The purpose of this section is to indicate the existence of important works on the theory and practice of nonviolence and civil resistance in other languages and provide a preliminary introduction to key authors and titles in four major European languages.
It is designed partly to inform all those who might be interested, but in particular for those whose first language is not English and might find French, German, Italian or Spanish books and articles easier to read.
The French section includes works by Lanza del Vasto, an exponent of Gandhian nonviolence, and by two leading scholars in the field: Jean-Marie Muller and Jacques Sémelin. The German titles include publications by Hildegard Goss-Mayr, who through the International Fellowship of Reconciliation played a key role (with her husband Jean Goss) in promoting nonviolent resistance to repressive regimes; and longstanding scholars of civil resistance, for example Theodor Ebert, as well as more recent theorists such as Martin Arnold, are also represented. The Italian section includes works by Aldo Capitini, Danilo Dolci and Pietro Pinna, who were after 1945 pioneers of nonviolence and war resistance. There are also sub-sections on the successful struggle to achieve legal recognition of conscientious objection to military service in Italy, and on forms of civil resistance to the Mafia. The Spanish list includes titles from a significant literature on civil disobedience, and its expression in the major movement of resistance to conscription (‘insumisión’) from 1988-2000. There is some cross-referencing between sections: for example Muller is listed in Spanish translation, and del Vasto and Sémelin in German.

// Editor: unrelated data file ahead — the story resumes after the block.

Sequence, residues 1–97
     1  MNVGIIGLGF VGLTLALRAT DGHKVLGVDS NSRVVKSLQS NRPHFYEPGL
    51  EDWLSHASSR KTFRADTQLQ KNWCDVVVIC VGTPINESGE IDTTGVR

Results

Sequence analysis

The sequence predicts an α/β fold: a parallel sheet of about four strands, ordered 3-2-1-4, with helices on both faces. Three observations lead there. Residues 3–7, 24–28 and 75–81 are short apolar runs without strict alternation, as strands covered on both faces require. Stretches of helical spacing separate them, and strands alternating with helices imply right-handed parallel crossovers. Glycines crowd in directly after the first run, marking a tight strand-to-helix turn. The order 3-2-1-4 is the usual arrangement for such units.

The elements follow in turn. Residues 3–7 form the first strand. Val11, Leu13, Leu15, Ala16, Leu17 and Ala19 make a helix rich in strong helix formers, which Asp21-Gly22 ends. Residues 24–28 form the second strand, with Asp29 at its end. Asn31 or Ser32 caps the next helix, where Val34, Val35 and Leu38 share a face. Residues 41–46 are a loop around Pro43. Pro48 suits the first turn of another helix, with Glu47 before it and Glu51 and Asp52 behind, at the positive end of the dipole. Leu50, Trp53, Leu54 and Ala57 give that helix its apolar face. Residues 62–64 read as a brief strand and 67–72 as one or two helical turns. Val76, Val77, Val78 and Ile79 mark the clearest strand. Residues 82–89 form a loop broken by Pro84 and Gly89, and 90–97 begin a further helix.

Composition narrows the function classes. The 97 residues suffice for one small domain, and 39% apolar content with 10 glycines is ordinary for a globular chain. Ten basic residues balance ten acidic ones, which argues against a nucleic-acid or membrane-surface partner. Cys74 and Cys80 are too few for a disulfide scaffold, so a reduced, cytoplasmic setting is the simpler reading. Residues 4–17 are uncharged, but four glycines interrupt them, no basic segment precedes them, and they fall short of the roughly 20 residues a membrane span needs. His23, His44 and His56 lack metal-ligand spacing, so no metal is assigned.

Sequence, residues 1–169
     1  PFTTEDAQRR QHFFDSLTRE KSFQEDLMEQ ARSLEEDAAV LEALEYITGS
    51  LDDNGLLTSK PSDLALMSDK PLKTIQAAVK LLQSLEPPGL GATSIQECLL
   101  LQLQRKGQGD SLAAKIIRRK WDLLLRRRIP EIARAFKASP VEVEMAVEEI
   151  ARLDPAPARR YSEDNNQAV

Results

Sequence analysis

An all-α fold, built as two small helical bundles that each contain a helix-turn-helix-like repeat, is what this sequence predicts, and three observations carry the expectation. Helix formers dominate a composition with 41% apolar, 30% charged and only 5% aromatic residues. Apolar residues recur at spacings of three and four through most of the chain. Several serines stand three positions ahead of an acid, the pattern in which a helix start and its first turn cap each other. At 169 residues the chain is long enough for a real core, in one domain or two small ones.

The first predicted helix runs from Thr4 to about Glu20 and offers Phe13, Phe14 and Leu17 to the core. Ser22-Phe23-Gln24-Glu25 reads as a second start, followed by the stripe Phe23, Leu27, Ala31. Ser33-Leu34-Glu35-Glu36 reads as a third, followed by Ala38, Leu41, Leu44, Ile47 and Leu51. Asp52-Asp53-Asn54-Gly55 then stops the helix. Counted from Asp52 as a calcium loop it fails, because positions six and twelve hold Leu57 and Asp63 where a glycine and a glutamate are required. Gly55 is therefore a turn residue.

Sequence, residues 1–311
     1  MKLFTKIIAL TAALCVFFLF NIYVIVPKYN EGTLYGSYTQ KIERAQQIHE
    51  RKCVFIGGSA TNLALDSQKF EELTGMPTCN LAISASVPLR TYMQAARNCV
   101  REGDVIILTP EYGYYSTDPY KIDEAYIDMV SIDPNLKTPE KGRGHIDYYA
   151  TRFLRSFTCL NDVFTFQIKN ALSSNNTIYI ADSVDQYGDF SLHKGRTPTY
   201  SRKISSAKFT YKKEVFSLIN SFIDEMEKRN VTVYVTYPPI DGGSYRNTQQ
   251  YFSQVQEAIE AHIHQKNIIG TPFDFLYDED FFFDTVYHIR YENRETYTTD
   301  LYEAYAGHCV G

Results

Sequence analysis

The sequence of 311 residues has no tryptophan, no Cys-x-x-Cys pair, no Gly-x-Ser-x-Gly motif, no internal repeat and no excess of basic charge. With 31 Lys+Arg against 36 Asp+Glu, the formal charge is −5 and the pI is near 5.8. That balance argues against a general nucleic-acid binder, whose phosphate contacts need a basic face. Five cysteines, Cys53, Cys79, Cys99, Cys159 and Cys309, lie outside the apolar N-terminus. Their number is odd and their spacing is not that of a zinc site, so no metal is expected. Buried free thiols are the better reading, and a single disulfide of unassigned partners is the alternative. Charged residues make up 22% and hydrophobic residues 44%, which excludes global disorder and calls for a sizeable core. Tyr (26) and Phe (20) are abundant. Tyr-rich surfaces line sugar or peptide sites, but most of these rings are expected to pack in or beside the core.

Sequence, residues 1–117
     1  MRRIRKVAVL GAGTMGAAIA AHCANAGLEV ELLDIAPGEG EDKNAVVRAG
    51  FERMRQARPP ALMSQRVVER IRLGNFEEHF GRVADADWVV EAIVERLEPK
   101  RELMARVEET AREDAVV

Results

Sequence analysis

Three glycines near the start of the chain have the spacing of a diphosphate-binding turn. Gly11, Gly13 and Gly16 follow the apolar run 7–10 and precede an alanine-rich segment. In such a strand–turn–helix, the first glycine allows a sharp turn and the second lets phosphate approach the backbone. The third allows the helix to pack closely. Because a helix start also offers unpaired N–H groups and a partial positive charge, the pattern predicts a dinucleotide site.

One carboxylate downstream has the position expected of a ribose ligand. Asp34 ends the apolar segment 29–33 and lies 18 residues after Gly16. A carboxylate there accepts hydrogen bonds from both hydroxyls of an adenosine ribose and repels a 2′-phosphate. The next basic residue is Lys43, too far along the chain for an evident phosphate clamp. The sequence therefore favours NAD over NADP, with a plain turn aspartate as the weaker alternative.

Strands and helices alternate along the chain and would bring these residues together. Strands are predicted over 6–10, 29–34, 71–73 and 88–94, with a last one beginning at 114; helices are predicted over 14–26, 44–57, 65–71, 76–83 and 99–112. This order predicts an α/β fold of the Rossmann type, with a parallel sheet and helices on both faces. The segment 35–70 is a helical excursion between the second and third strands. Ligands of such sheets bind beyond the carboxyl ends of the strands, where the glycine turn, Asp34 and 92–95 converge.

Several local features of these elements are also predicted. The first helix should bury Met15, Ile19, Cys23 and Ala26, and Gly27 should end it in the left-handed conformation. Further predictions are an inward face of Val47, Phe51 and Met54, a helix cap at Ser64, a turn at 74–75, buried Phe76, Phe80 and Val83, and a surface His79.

All literatures draw on the historical evolution of ideas of nonviolent resistance, for example the writings of Etienne de la Boetie on the potential of non-cooperation, Henry David Thoreau on civil disobedience, Tolstoy on refusal to cooperate with war and violence, and above all Gandhi’s development of a theory and strategy of ‘satyagraha’.
The Dutch anti-militarist Bart de Ligt wrote on the potential of mass noncooperation and defiance in the context of the 1930s in his influential Conquest of Violence. More recently Gene Sharp’s highly influential works elaborating on the potential of nonviolent action to overthrow repressive regimes have been widely translated from English – in particular his pamphlet From Dictatorship to Democracy, translated into over 30 languages, including Spanish and Italian.
The titles in all four languages focus primarily on the theory of nonviolence and in particular the theory, strategy and methods of civil resistance (including civil disobedience), drawing on examples from a range of movements. In addition they list selected titles on Gandhi and the concept of nonviolent civilian defence (topics covered in the introductory section of Volume 1 of this Guide). A much more extended list of titles, also covering a wider range of movements using methods of nonviolent action, will in due course be available on our website: http://civilresistance.info.